- The highest transpacific ocean prices this year were $2,110 on 20 January (China-West Coast) and $3,312 on 27 January (China-East Coast).
- Prices have fallen only 3% (West Coast) and 1% (East Coast) from these highs.
- The carriers cancelled 1 February general rate increases (GRIs) because they know that demand will soon drop off.
Boost in prices
Chinese New Year gives transpacific ocean prices one last boost before the off-season sets in. Prices barely moved this week, easing just $51 and $36 for West Coast and East Coast, respectively. But how long before prices really start falling? On both lanes, the first week-on-week $100+ drop last year took just three weeks. In 2017, it took just two weeks.
Philip von Mecklenburg-Blumenthal, VP of FBX, Freightos said, “And unless the US and China agree to extend the truce deadline, even the trade tariff issue, which has bolstered prices since last June, may not stop the deterioration. That’s because there’s little time left to book a shipment that could clear US customs before 2 March“.
This week’s report
|Week 05||Week 04||Last year*|
|China – US West Coast||$2,051||-2%||45%|
|China – US East Coast||$3,276||-1%||20%|
|China – North Europe||$1,704||3%||8%|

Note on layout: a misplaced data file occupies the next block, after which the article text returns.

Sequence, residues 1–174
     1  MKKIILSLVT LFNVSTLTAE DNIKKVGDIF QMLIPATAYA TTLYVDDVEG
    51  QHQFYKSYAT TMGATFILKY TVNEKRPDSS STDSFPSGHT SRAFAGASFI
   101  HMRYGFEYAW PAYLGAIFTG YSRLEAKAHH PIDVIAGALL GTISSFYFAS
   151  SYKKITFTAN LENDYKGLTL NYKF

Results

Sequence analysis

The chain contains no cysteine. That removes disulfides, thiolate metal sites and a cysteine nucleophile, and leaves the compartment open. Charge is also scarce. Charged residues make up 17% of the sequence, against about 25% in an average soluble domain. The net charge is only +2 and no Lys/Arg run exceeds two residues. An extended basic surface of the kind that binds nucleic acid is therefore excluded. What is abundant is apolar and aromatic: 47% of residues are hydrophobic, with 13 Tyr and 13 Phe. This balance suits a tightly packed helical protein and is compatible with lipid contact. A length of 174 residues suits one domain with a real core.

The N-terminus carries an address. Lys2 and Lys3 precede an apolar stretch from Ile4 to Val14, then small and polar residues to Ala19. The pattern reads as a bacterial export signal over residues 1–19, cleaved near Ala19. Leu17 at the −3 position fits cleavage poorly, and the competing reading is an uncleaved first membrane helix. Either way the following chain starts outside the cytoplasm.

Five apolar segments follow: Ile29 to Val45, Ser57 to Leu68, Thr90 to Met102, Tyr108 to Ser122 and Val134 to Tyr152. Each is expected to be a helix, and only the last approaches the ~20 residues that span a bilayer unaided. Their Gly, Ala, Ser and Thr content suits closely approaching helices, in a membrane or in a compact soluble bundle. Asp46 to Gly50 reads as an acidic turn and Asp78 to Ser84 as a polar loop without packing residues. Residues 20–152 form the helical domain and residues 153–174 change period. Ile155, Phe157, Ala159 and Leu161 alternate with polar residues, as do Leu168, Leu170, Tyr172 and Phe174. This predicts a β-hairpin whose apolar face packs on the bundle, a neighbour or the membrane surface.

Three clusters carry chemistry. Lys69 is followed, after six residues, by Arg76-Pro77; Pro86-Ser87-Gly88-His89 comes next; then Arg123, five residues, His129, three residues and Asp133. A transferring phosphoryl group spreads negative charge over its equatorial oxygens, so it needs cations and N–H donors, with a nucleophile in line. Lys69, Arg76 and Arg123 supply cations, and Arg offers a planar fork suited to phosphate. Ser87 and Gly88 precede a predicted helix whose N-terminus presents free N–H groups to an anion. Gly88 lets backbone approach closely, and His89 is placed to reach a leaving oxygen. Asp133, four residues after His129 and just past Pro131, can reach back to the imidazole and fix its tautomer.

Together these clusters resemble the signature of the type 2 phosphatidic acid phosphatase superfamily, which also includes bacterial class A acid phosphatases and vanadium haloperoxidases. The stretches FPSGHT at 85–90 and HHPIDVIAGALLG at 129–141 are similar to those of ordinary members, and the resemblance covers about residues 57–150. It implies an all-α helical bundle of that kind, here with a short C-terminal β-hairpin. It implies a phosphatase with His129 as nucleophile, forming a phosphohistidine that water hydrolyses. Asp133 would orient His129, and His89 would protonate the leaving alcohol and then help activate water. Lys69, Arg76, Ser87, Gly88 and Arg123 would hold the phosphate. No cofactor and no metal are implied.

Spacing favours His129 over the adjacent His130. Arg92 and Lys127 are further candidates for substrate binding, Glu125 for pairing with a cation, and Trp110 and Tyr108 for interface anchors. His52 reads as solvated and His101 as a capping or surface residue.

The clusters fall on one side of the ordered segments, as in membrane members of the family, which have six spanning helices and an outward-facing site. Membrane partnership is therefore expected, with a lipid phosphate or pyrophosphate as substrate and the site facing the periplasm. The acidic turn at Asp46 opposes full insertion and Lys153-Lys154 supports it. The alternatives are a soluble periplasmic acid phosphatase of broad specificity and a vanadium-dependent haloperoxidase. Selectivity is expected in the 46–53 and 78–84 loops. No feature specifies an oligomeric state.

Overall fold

|North Europe – US East Coast||$1,416||0%||0%|
|* Compared to the corresponding week in 2017|
Increase in prices
- Transpacific prices have gone up 18% (West Coast) and 19% (East Coast) since the beginning of the year.
- With the pre-Chinese New Year (CNY) bottleneck peak over, West Coast prices eased a little this week (dropping $51 from $2,102 to $2,051 (down 2%) as did East Coast prices (at $36, a 1% drop from $3,312 to $3,276).
- Carriers have benefited from the recent high prices, but know that demand drops off after CNY as per normal seasonality.
China to limp back to normalcy
- Once China returns to normal after the CNY shutdown, transpacific freight prices usually drop dramatically.
- Last year, between 25 February and 29 April, West Coast prices fell by 19%, East Coast by 21%.
- In 2017, between 26 February and 30 April, the corresponding drops were 23% and 26%.
Prices offset by the global index
- This week’s small decreases to transpacific pricing were largely offset on the global index by modest increases in China-North Europe pricing (a 3% rise from $1,657 to $1,704) and a smaller rise in China-Mediterranean pricing.
- With no significant movements on any of the rest of the 12 indexes comprising the global index, the global index fell slightly, by $10 to $1,582.
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Source: The Baltic Briefing